Residents
Education,
Apprenticeships
and training
Do you qualify?
To see if you qualify for a grant please type in your address.





Our Accommodation

Almshouse Guidance

Please read these guidance notes before applying for almshouse accommodation

  1. Before any formal offer of accommodation is made, it is the normal practice of Trustees to assess each applicant for their suitability for almshouse residence. This will involve an informal interview with the General Manager of the Trusts and a representative of the Trustee Board.
  2. Residents of almshouse accommodation do not have the same rights as tenants. Almshouse residents are beneficiaries of the Trust who are licensed to stay in the almshouses for as long as they meet the terms of their residency. In practice this is almost always given for the duration of their lifetime, as long as they can maintain independent living.
  3. The terms at which Trustees can appoint residents are laid down in the Scheme applying to the charity and will be explained to you on your visit to Woodbridge House. In essence, the regulations state that a person who benefits from the charity by occupying an almshouse flat should not at the same time be in a position to purchase or to rent suitable alternative accommodation in the private sector. In this respect, it is up to the Trustees to decide on what is suitable accommodation, not the applicant. The Trustees will also need to be satisfied that prospective and existing residents are able to look after themselves, if necessary with the support of a social services' care package.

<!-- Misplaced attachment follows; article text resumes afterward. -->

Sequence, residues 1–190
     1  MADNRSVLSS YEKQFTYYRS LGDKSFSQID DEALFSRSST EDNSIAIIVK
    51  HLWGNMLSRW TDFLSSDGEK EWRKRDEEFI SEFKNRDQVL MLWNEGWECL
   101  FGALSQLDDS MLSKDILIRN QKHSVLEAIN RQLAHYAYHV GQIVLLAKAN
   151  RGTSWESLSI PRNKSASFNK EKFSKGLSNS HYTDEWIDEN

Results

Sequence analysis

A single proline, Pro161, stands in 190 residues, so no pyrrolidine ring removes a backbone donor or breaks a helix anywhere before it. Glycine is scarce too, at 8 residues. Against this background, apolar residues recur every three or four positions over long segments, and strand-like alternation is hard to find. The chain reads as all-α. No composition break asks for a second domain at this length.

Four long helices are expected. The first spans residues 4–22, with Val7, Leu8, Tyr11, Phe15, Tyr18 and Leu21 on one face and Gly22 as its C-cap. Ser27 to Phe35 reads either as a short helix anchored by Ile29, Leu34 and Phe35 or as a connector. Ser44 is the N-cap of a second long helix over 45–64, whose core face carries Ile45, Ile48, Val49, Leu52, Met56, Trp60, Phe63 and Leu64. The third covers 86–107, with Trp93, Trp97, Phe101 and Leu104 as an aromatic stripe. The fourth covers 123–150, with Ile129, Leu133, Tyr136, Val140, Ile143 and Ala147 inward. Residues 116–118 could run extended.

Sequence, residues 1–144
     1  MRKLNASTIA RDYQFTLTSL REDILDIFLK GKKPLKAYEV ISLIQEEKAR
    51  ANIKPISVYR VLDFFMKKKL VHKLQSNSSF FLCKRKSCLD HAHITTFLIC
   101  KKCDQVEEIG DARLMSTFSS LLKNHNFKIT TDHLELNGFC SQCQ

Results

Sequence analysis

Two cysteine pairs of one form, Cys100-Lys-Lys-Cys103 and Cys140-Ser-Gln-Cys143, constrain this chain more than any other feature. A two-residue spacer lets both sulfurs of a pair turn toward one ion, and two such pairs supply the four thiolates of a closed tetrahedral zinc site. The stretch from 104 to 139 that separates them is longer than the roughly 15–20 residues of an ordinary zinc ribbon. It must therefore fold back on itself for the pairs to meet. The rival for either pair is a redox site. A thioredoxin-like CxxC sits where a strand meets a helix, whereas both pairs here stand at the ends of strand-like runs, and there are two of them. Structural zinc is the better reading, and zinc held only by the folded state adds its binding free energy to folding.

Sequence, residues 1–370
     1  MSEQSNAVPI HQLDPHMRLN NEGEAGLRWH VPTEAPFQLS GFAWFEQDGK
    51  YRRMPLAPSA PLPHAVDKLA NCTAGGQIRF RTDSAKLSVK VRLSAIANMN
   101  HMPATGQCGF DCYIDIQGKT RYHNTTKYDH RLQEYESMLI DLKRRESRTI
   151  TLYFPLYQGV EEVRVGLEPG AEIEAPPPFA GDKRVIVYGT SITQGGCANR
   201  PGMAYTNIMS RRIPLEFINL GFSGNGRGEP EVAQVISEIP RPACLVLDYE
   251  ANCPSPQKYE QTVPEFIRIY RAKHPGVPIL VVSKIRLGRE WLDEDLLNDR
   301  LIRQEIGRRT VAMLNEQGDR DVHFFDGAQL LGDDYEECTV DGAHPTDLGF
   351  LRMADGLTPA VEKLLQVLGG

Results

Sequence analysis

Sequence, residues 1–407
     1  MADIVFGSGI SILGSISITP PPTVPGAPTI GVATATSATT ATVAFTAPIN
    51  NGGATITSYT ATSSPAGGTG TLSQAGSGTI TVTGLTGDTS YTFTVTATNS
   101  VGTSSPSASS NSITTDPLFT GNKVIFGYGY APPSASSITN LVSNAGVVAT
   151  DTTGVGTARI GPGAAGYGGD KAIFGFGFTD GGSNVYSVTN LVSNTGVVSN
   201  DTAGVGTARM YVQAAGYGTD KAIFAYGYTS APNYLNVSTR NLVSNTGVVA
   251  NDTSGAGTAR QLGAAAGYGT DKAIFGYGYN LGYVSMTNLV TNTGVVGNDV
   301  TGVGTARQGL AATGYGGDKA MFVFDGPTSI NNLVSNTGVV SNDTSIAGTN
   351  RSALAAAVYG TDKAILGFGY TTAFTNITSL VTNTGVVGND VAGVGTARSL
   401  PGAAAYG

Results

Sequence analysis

4. Applicants will be asked to arrange confirmation from their doctor as to their current state of health. Illness on its own does not debar you from taking up residency at Woodbridge House. The main criterion in this respect is that you are able to look after yourself on a day to day basis, if necessary with support from the appropriate welfare agency.
  5. Although Trustees have made every effort to adapt the almshouse flats to suit people with mobility problems, the nature of the building is such that the flats are not fully accessible to people who are wheelchair-bound neither are they suitable for persons who are totally immobile. As the flats are arranged on two floors, it is very likely that access to a flat offered to a new resident would be by way of two flights of steps.
  6. It must be noted that while there is limited parking available for residents' visitors the almshouse flats have no parking set aside for a resident's own private use.
  7. All residents of the almshouses are required to abide by the almshouse regulations and these will be explained to you on your visit. All our rules and regulations are based on the common sense principles that apply to living in a safe, secure and happy community.